Printer Friendly

Hang it straight, level & solid: with these four techniques, you can hang just about anything on your walls, and keep it there.

The first challenge in hanging a picture is deciding exactly where you want it. It's not so hard with just one picture. You can ask a helper to hold it up while you stand back and judge the position.

Most experts recommend hanging a picture with its center about 60 in. from the floor, or bottom edge 6 to 8 in. above a piece of furniture. Use these heights as a starting point. Then adjust the position of the picture to your liking, and mark the top center with the corner of a sticky note. Use the technique shown in Photos 2-6 to complete the job.

A group of pictures is trickier. First cut out paper patterns and arrange them on the wall with low-adhesive masking tape. The temporary red line from a laser level is helpful for aligning a series of photos level with one another (Photo 1).

The laser level is ideal because you get a perfectly straight line without having to mark up the walls. A standard carpenter's level will also work.

When you arrive at a grouping that's pleasing, mark the top center of each pattern with the corner of a sticky note (Photo 1). You'll use the bottom corner of each sticky note as a reference point for locating the picture hangers.

Now you're ready to position the picture hangers (Photos 2-4). Use two hangers for each picture for extra support and to help keep the picture from tipping. Choose picture hangers that are rated to support the weight of your art. We recommend professional hangers like the one shown below. They work fine in drywall. These are available at home centers or from most picture-framing shops. OOK is one popular brand. Plaster may not support pictures as well as drywall does. To hang heavier art on plaster walls, use picture hangers with double or triple nails.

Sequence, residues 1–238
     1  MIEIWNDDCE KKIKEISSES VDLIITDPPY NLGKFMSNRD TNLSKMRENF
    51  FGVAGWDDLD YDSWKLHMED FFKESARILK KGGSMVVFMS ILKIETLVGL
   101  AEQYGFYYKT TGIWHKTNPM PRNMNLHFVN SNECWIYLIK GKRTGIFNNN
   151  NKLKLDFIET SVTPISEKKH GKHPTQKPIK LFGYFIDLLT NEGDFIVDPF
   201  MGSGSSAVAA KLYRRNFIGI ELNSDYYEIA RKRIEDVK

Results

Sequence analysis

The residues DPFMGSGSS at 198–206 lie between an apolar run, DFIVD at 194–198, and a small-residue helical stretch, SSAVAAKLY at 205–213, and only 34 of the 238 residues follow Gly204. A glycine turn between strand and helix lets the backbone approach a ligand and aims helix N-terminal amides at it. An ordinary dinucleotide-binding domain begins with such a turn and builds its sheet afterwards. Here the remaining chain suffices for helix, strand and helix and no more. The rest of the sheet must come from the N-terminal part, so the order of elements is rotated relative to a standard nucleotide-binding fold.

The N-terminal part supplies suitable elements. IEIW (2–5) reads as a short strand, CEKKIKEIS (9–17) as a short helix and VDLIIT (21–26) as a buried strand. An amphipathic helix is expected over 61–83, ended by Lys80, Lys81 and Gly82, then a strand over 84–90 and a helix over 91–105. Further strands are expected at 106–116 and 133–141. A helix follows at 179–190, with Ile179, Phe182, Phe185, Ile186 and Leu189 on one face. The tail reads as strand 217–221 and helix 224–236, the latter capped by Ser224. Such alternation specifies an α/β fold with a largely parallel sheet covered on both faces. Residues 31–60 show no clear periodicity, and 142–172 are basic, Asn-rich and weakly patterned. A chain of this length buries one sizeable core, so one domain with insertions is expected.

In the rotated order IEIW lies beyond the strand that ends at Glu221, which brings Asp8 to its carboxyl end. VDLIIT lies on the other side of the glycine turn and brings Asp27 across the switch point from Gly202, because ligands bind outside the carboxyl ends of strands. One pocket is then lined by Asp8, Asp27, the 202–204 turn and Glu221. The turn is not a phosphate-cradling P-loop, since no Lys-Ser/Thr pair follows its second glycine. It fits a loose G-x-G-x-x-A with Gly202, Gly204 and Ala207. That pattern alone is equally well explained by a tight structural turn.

Photos 2 and 3 show how to measure the space between the hangers and the distance from the top of the picture frame. The distance between hangers isn't critical. Just space your fingers several inches from the outside edges of the picture frame. Transfer these measurements to the wall (Photo 4). An inexpensive level with inches marked along the edge is a great picture-hanging tool (Photo 4). Otherwise, just stick masking tape to the edge of a level and transfer measurements to the tape (Photo 2, p. 44). Then line up the bottom of the hooks with the marks and drive the picture-hanger nails through the angled guides on the hooks (Photo 5).

tip

Before you hang the picture, stick a pair of clear rubber bumpers on the back lower corners of the frame to protect the wall and help keep the picture level. You'll find these with the picture hanging supplies or in the cabinet hardware department (they're I called "door bumpers").

1 Project a level line and tape exact-size paper patterns on the wall. Mark the top center of each pattern with the corner of a sticky note,

[ILLUSTRATION OMITTED]

2 Stretch the hanger wire with two fingers spaced equally distant from the edges of the picture frame, Keep the wire parallel to the top of the frame. Measure the distance between your fingertips.

[ILLUSTRATION OMITTED]

3 Leave one finger in place and measure from the wire to the top. Use this dimension and the dimension from Photo 2 to position the picture hangers.

[ILLUSTRATION OMITTED]

4 Find the hanger positions by measuring down from the sticky note and to each side from center. Keep the hangers level.

[ILLUSTRATION OMITTED]

5 Align the bottom edge of a picture hook with the mark and drive a nail through the hook's guide.

[ILLUSTRATION OMITTED]

6 Slip the wire over both hooks. Slide the picture sideways across the wires until it's level. Use the same process to hang the remaining pictures.

[ILLUSTRATION OMITTED]
COPYRIGHT 2006 Home Service Publications, Inc.
No portion of this article can be reproduced without the express written permission from the copyright holder.
Copyright 2006 Gale, Cengage Learning. All rights reserved.

Article Details
Printer friendly Cite/link Email Feedback
Author:Gorton, Jeff
Publication:The Family Handyman
Date:Nov 1, 2006
Words:644
Previous Article:Room to breath.
Next Article:Hang heavy mirrors with confidence.

Terms of use | Privacy policy | Copyright © 2019 Farlex, Inc. | Feedback | For webmasters